In fact, if you want to hear my voice, go to itunes and search the podcasts for ‘junig;’  I have a weekly radio show about psychiatry and you can download a show for free!

Thanks for reading this long appeal…  and I encourage you to check out the recordings.  The ‘criteria’ are particularly helpful for the second exam, but are also very useful for anyone looking to improve their understanding of how the diagnostic criteria fit together– to get a solid base for understanding psychiatric pathology.  And the psychopharm, of course, is always a part of every psychiatry exam, whether written or oral.  I wish you the best with your studies!

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Psychiatry Board Preparation

 

The process for becoming Board Certified in Psychiatry is exceedlingly complex right now, thanks to the phasing in and out of three different processes. The old format for the oral examination was changed in 2006 to include patient vignettes. Apparently not satisfied by the confusion caused by that change, oral examinations were phased out completely for current residents, replaced by the ‘clinical skills evaluation,’ which must be passed three times during residency. As for ‘who must do what,’ here is the description from the ABPN site:

Psychiatry Certification Process: New Format and Timetable Announced September 2008

For residents who began training as a PGY-1 on July 1, 2007 or as a PGY-2 on July 1, 2008:  The Psychiatry Part II (oral) examination will be eliminated. The Psychiatry certification process will consist of a single computerized examination (Psychiatry Certification Examination); first administration in 2011.

For residents who began training as a PGY-1 before July 1, 2007 or as a PGY-2 before July 1, 2008:  To become Board certified in Psychiatry, candidates must pass both the Part I (computer-administered) and Part II (oral) examinations.

Candidates who do NOT pass the Psychiatry Part I examination in 2013* or before or who do NOT complete the certification process by December 31, 2016, will be required to submit documentation of satisfactory performance in the evaluation of clinical skills completed by the current Program Director of an ACGME-accredited program as part of the ABPN credentialing process. In addition, such candidates will be required to pass the new Psychiatry Certification Examination.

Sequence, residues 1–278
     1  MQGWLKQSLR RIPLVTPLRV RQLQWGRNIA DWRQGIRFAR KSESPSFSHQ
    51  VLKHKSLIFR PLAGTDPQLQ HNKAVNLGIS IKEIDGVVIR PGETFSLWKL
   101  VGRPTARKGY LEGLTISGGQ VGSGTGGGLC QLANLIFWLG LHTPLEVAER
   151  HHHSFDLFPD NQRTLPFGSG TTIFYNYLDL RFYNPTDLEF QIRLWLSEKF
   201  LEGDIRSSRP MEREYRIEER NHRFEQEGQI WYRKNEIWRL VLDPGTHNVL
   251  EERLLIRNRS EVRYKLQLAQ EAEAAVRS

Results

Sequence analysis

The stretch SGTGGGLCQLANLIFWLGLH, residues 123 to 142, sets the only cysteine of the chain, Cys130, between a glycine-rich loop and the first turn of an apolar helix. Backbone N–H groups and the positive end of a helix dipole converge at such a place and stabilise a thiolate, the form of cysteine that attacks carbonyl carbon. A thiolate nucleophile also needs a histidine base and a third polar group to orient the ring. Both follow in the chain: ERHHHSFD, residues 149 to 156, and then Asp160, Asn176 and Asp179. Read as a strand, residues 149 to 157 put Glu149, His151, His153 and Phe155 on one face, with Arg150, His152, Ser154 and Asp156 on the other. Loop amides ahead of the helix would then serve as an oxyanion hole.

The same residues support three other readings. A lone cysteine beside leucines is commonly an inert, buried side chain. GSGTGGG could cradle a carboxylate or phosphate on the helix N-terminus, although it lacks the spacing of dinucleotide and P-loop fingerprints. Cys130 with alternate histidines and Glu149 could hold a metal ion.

Got it?

Bottom line– if you are starting residency after 2007, you must pass the clinical skills evaluation several times and then take one certification exam.  Residents who started earlier– poor blokes– must take part I, pass, and then be invited to take part II.  If it is any consolation, those who are adequately prepared for part II will find it to be, in it’s own way, a fun time.  The examiners are not there to fail you; they are doing everything that they can to pass you.  Once you understand that, you will loosen up and display the confidence and breadth of knowledge to ace the exams.

Of course, some people fail part II. The way to fail the exam is to present yourself as ‘cocky,’ to argue with the examiner, to make the patient feel uncomfortable or humiliated, or to refuse to answer questions.  The examiners want to engage you in a discussion about psychiatry;  don’t let them down.  Even if you are not absolutely certain about something, let the examiner know what you are thinking.  Talk about the issues you are thinking over in your head, so that the examiners know that you are not just ‘blank’ inside.

And of course, be prepared.  I prepared the ‘psychiatry criteria’ tapes to help me to keep things straight, and they did exactly that.  They consist of a monologue, slowly recited, of psychiatric diagnoses and their criteria, presented in an orderly way.  I used the recording for board preparation by playing it over and over;  the result was that I had the criteria down cold.   When I viewed the vignettes or met with my live patient, I was noting criteria as easily as ‘shooting ducks in a barrel’ (sorry to the PETA folks– it is just a phrase!).

Whether you are facing part I or part II, be careful to watch the deadlines, get your paperwork in on time, and get a good head start on studying.  The most recent examination schedule can be viewed here.   Of course, when it is time to study, I recommend using MY recordings– they are inexpensive, direct, and well-organized.  I prepared them in order to study for my own exams, and they worked well.  They are meant to be used as a stand-alone tool– using audio only– so if you exercise with an MP3 player or have a morning commute, you will be all set.   In fact, if you have the exam somewhere ahead of you– say a few months away– now is the time to start listening.  I can promise you that if you listen to them several times over– not a difficult task– you will be miles ahead of your colleagues at exam time, whether for part I, part II, or for the clinical skills evaluations.  Do well!